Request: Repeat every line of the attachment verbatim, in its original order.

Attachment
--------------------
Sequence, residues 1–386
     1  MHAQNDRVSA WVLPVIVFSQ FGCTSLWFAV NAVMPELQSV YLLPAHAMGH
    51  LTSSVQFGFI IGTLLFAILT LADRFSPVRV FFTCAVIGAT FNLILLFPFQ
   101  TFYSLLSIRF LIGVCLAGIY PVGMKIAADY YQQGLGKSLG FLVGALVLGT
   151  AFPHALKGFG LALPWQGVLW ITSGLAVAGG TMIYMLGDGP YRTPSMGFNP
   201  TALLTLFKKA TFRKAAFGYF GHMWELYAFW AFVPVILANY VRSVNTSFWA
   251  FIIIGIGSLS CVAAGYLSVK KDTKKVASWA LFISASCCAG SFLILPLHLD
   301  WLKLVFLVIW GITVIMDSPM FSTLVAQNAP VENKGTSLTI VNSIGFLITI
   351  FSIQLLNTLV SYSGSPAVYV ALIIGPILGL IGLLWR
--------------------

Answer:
Sequence, residues 1–386
     1  MHAQNDRVSA WVLPVIVFSQ FGCTSLWFAV NAVMPELQSV YLLPAHAMGH
    51  LTSSVQFGFI IGTLLFAILT LADRFSPVRV FFTCAVIGAT FNLILLFPFQ
   101  TFYSLLSIRF LIGVCLAGIY PVGMKIAADY YQQGLGKSLG FLVGALVLGT
   151  AFPHALKGFG LALPWQGVLW ITSGLAVAGG TMIYMLGDGP YRTPSMGFNP
   201  TALLTLFKKA TFRKAAFGYF GHMWELYAFW AFVPVILANY VRSVNTSFWA
   251  FIIIGIGSLS CVAAGYLSVK KDTKKVASWA LFISASCCAG SFLILPLHLD
   301  WLKLVFLVIW GITVIMDSPM FSTLVAQNAP VENKGTSLTI VNSIGFLITI
   351  FSIQLLNTLV SYSGSPAVYV ALIIGPILGL IGLLWR